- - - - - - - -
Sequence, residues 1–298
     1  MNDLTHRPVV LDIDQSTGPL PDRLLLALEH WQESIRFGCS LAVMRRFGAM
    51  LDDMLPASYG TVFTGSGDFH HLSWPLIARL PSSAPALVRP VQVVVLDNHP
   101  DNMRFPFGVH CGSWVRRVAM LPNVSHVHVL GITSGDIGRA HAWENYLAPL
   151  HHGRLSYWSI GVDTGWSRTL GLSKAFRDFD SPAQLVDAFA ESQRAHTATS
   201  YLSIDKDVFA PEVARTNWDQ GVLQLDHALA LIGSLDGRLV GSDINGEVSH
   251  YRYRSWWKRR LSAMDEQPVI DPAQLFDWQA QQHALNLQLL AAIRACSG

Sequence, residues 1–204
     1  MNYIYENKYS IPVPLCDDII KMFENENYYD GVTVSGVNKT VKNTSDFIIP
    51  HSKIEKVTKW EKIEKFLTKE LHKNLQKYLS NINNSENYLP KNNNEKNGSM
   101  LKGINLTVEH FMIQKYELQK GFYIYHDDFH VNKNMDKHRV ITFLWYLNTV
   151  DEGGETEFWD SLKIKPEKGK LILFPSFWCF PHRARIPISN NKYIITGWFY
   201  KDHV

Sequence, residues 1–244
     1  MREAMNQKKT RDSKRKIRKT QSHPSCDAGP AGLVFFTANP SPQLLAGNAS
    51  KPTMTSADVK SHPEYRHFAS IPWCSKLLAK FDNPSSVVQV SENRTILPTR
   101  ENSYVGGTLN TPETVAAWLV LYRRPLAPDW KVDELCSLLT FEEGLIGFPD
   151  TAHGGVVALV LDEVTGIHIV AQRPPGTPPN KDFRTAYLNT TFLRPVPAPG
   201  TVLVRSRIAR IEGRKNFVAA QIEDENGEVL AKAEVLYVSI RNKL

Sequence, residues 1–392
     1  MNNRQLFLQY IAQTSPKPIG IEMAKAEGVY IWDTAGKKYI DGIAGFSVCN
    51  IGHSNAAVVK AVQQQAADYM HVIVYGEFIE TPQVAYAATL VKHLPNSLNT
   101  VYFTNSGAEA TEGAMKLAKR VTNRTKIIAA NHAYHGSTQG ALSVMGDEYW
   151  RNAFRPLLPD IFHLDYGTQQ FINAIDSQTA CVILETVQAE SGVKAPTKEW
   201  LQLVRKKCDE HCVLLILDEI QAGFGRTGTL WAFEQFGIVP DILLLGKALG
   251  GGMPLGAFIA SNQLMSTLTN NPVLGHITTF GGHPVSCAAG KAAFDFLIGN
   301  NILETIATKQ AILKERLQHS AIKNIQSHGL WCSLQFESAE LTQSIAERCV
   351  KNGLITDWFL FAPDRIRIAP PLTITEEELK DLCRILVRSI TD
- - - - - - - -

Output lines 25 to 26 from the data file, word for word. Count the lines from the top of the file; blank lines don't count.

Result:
   201  LQLVRKKCDE HCVLLILDEI QAGFGRTGTL WAFEQFGIVP DILLLGKALG
   251  GGMPLGAFIA SNQLMSTLTN NPVLGHITTF GGHPVSCAAG KAAFDFLIGN